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Mindfulness: It takes practice

July 9, 2018
by Gary A. Enos, Editor
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If there is a term in the therapy world that could qualify as both “hottest trend” and “most misunderstood” at the same time, “mindfulness” makes a strong case.

The practice of mindfulness has landed on national newsmagazine covers and the program logs of nearly every televised influencer in popular psychology. Still, even among clinical professionals the term often is miscast as being synonymous with meditation or relaxation, in part because much of the medical community first was introduced to the concept as part of mindfulness-based stress reduction, a practice founded by Jon Kabat-Zinn, PhD, for stress and illness management.

Mindfulness in and of itself is not a relaxation technique, though it can help achieve that, says Jamie Marich, PhD, an Ohio therapist and trainer with specialties in mindfulness, trauma-informed care and Eye Movement Desensitization and Reprocessing (EMDR). Mindfulness more closely means “being able to be with whatever comes,” Marich says, which could even refer to fully experiencing feelings of grief.

Marich and other practitioners interviewed by Addiction Professional for this article discussed how mindfulness practice can enhance treatment and early recovery for patients with substance use disorders—provided that professionals understand what mindfulness is and isn't, and also strive to practice what they teach.

“A professional should want at least to have practiced it,” says Ronald D. Siegel, PsyD, assistant clinical professor of psychology at Harvard Medical School. “Otherwise you're talking about a swim coach who doesn't know how to swim.”

Not a quick fix

The origins of the term “mindfulness” trace to a word in Sanskrit that literally means “to come back to awareness.” This can pose a challenge, Siegel suggests, since people are hardwired to an aversion to the experience of physical and/or emotional pain.

“The mindfulness approach is to be aware, with acceptance,” he says. “The goal is to increase our capacity to be in touch with our feelings.”

He illustrates the point by offering the example of the physical sensation of an itch, or an ache. Rather than fighting these sensations by scratching the itch, or shifting body position, the idea in mindfulness is to be open to sensations that prove to be in a constant state of flux. “When you don't fight it, it changes by itself,” Siegel says.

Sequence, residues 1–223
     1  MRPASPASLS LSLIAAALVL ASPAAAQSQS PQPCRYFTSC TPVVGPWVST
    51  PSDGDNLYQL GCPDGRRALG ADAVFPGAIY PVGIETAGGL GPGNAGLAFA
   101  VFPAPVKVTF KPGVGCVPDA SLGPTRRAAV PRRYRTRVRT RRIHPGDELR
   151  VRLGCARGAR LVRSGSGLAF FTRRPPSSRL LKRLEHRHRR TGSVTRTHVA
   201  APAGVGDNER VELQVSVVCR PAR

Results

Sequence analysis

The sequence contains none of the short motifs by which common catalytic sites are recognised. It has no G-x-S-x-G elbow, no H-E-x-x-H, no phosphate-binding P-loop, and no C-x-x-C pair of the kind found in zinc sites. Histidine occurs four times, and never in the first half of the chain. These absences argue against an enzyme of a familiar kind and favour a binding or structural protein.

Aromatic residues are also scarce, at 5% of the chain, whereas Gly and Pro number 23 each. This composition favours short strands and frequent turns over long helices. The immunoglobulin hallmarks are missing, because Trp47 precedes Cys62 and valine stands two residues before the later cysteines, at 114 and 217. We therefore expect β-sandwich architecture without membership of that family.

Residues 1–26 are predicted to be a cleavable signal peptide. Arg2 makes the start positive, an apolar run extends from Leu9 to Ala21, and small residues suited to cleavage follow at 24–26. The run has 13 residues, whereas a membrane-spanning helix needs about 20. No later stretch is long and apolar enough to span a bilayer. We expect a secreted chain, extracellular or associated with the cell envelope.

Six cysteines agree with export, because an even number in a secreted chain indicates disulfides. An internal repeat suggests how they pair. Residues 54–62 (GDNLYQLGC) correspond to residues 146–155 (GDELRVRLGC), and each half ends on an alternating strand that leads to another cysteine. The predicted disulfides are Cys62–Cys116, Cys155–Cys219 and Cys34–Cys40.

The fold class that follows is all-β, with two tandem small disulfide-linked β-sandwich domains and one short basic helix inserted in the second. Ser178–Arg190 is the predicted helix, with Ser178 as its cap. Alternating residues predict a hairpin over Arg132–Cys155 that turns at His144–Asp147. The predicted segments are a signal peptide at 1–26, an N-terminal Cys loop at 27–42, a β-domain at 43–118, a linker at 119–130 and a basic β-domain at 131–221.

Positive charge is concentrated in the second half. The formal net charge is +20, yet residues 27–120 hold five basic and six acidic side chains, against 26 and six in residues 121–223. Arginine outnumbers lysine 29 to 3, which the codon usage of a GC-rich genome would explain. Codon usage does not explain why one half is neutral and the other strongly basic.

That argument extends to the kinds of self-judgmental thoughts that can derail any individual, and particularly one in the early stages of a recovery journey. An ability to gain insight into the presence of negative thoughts and to allow them to come and go will decrease the likelihood that the individual will buy into these thoughts' content, Siegel says.

Clearly, though, this transformation doesn't come quickly and easily. “People want mindfulness to be a quick fix,” says Margo Blessing, CADC II, a counselor at the Hazelden Betty Ford Foundation. “It is not a treatment alone.”

Adds Marich, “People in recovery tend to be terrified of feeling feelings.” They worry that the process will overwhelm them, or make them feel defective, or that it is not possible when substance-free. Professionals need to reassure patients that mindfulness practice represents a rewiring of the brain over the long haul, she says. So they shouldn't jump to conclusions when they've meditated for five minutes and don't feel better.

Among treatment professionals, there is now “more awareness that you can't throw a bunch of addicts into a room and say, 'Here, meditate,'” Marich says.

Moreover, Siegel says, “Mindfulness doesn't mean you're always calm. It means you're not overwhelmed, not resistant to the moments when we feel powerful emotions.”

Ability to integrate